The Story of the Giro d’Italia

 

Earlier this week we ran an excerpt from Bill and Carol McGann’s latest release, The Story of the Giro d’Italia, Volume II. I don’t think I can do anything here to recommend this book more highly than the incredible narrative the McGanns wove, but this is my chance to comment on it directly.

Yeah, so this is going to be a favorable review. It’s like that.

The Giro is an odd event. It’s not the Tour de France transported and translated to Italy. While that statement is hopelessly broad and not properly rooted in objective, evidential detail, it’s got to be said. It’s just a different beast. The Giro has often been political in a way the Tour can’t approach. Its formula has been tinkered with in a way that would cause the board at Coca-Cola to gasp.

This is the second half of his survey of the race. It begins in 1971 with Gösta Pettersson’s victory and takes us through wins by Merckx, Hinault, Moser, Indurain, Pantani and ends with Alberto Contador’s 2011 performance. It’s quite a ride.

What the McGanns have done is to give you a look at the race in its proper perspective. It’s not just the couch, it’s the couch in your living room. And I should add here that while Bill is the rabid racing fan, Carol is the meticulous editor, and Bill demonstrates his class by crediting Carol as his full partner. To say this account is dispassionate misses the point. There’s plenty of passion in these pages. Bill doesn’t have any trouble telling the reader when someone delivered a ride worthy of a champion. It’s easy to sense the excitement he felt as he scoured old Italian newspapers and books in his quest to illustrate those days that are woven into the history of the Giro. His real talent is to strip the partisan favoritism that comes with nationalities. You end up cheering a bit for everyone—the guy who kicks ass, the guy whose ass got the kicking, the gregario who humbled himself for the team.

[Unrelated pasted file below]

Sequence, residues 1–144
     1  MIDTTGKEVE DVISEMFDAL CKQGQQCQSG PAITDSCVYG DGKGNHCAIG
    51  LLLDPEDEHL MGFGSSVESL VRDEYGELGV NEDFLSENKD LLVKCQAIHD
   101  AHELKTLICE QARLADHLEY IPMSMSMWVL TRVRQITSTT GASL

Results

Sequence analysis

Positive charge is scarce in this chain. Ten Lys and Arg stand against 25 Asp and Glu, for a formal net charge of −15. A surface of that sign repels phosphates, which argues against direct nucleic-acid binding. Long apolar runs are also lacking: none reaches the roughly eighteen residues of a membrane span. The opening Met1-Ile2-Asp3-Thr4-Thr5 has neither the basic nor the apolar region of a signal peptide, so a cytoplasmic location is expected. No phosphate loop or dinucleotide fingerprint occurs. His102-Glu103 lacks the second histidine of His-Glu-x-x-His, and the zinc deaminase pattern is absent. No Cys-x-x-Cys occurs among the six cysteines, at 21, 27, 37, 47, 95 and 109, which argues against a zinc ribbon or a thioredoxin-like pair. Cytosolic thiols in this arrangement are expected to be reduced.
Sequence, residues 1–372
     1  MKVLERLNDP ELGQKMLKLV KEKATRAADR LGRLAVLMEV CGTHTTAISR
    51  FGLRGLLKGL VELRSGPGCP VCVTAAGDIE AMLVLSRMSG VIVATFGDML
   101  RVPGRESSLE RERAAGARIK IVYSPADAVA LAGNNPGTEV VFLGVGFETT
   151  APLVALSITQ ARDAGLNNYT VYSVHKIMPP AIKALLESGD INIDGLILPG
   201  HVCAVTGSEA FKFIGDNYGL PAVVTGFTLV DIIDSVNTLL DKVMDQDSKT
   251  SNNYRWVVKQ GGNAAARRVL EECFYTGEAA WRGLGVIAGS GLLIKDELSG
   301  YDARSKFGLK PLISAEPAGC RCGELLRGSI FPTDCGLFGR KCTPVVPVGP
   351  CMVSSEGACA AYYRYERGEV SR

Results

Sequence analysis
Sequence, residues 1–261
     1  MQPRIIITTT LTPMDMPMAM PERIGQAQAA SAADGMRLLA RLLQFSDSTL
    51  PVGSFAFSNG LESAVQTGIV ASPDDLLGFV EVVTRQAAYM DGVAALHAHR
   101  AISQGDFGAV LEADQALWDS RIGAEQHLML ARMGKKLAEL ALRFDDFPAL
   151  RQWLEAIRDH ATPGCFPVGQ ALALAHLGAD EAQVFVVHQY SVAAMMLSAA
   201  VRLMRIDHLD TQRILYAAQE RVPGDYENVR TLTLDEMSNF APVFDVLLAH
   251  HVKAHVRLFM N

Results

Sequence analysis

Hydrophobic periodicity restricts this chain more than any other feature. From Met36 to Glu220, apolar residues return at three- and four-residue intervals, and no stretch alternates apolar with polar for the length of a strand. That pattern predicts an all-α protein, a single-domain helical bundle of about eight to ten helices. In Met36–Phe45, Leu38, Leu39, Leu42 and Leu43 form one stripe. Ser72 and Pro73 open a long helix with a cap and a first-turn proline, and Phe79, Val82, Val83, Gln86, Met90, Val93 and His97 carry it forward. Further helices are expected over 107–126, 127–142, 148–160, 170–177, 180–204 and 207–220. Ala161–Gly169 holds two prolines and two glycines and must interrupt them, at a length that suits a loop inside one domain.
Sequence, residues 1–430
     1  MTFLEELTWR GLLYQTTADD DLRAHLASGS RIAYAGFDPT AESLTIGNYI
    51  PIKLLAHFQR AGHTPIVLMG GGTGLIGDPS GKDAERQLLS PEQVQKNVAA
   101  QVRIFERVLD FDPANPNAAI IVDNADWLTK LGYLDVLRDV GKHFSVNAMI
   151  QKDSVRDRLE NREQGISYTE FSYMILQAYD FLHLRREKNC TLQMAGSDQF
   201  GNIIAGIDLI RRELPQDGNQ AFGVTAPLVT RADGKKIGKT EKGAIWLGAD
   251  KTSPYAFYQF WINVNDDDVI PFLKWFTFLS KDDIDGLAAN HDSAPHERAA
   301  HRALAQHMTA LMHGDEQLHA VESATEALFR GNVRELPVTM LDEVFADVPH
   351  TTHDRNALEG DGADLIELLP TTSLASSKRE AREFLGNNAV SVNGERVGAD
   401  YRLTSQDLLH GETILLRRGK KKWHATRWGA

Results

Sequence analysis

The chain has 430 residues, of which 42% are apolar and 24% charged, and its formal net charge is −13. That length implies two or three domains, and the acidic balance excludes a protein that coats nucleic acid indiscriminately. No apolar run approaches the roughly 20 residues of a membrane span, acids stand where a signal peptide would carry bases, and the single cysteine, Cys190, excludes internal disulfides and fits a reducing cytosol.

And while it may seem like a semantic point, the McGanns haver termed this the “story” of the Giro instead of the “history” of the Giro because it is meant to give the larger human drama that plays out. It helps to paint why non-cyclists could care so much.

McGann Publishing has put out quite a collection of books at this point. There’s plenty of good reading for a rider waiting for the Tour to start. Check them out here.

 

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